The 2m section was a bit crooked and warped. It would be daring to place another 6meter section at the top, having the crooked and possibly fragile section underneath. We first had to lower all of the sections, repair them, if we could, and then place the 2m section on the top. So after the first 6meter section, we would place the second new 6meter section, then the 5meter one, then the 3meter section and finally the 2m section. Then we would replace the guy wires with new ones, since the old ones were rusty, replacing them with new 8mm wire cables at three levels and at the very top level (4th level) we’d use synthetic composite (non-metallic) guy wires, in order to minimize the impact on the radiation pattern of the antenna. Additionally, for added isolation, the metallic guy wires would have insulators installed so that there would be no lengths greater than 9m thus making them non-resonant on the bands we use. Finally, on the top of the tower, we would install a two-element monoband yagi antenna for 40 meters, which was the same model as the one we previously had (destroyed by the previous tower failure), a Cushcraft 40-2CD, given to us by Thanasis – SV1RLC. The antenna had already been assembled, it had been waiting on the ground for a long time, and in addition, instead of the air choke proposed by the manufacturer, George – SV1ELF had built a Balun, which had also been installed. Finally, we would also install our dipole for 80m at a higher height.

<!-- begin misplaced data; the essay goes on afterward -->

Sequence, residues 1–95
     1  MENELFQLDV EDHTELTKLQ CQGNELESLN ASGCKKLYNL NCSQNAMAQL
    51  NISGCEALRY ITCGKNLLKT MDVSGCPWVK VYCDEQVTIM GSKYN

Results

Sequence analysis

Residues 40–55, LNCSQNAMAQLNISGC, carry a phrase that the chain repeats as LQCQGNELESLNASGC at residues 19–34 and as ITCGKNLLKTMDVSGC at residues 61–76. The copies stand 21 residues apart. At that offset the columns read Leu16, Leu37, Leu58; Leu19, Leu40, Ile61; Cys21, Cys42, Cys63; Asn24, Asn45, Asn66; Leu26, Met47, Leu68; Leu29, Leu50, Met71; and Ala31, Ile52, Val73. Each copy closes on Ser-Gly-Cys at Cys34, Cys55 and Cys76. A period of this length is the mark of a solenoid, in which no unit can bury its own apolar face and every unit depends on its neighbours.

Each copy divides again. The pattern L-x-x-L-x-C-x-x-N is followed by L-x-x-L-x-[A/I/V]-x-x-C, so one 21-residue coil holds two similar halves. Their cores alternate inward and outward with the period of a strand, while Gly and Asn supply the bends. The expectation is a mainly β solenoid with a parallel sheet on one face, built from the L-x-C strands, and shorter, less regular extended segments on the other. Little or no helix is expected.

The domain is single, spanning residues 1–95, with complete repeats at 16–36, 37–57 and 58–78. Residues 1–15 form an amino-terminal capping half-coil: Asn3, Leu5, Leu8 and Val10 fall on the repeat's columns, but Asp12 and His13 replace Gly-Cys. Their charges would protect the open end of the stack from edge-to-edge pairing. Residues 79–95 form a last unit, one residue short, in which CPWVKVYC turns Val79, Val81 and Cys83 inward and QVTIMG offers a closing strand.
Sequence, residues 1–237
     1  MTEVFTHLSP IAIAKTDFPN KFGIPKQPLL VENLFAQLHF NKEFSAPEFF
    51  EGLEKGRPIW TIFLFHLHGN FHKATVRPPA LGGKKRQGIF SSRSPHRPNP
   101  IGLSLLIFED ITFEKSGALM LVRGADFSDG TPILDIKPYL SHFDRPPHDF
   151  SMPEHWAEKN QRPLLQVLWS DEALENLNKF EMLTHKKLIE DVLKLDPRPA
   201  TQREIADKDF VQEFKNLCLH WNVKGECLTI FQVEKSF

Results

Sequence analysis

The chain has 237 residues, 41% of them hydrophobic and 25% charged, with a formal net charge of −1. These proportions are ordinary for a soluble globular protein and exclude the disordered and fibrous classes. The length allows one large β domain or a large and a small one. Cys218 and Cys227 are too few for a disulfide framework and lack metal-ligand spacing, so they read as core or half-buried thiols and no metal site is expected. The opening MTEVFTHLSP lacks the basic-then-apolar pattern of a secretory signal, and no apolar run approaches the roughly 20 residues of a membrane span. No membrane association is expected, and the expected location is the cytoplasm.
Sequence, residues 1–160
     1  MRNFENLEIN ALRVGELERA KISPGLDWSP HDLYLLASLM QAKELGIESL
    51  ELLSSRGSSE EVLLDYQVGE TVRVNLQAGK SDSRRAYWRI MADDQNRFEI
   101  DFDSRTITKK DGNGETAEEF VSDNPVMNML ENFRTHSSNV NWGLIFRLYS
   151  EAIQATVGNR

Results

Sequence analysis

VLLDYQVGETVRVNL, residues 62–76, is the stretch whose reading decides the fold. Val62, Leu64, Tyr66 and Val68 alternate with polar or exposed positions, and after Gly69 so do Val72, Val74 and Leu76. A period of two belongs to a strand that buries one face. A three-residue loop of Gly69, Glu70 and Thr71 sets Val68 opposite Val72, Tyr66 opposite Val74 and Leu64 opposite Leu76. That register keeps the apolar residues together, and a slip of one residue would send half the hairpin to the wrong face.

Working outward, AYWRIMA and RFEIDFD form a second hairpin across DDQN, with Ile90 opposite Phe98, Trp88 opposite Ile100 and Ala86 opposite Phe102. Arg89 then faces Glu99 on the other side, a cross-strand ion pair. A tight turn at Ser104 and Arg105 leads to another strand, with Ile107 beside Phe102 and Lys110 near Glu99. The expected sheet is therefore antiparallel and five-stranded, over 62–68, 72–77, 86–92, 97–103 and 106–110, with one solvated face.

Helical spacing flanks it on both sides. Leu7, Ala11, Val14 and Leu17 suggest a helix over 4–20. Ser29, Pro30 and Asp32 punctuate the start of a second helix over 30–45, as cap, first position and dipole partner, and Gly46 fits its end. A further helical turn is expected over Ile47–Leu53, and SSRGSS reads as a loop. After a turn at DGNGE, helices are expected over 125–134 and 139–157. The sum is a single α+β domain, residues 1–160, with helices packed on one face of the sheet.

Υψοτεχνική - Εργασίες σε ύψος & Υπηρεσίες εναερίτη
Ypsotechniki – Work at height, Tower & Aerial Services

First things first: taking the tower down

The weather forecast for the weekend at the end of January was good, especially after noon on Saturday as it would rain in the morning. Giannis had told us that a little rain did not bother him, since the way he works and with the precautions he takes he would be safe. Early Saturday morning on the 30th of January, SV1CIB, SV1DPI and SV3CYM were there. Unfortunately, after the rain, a strong 5-6 Beaufort wind started, against the forecasts. We were afraid that there was nothing we could do. Giannis reassured us and was absolutely confident about what he was doing.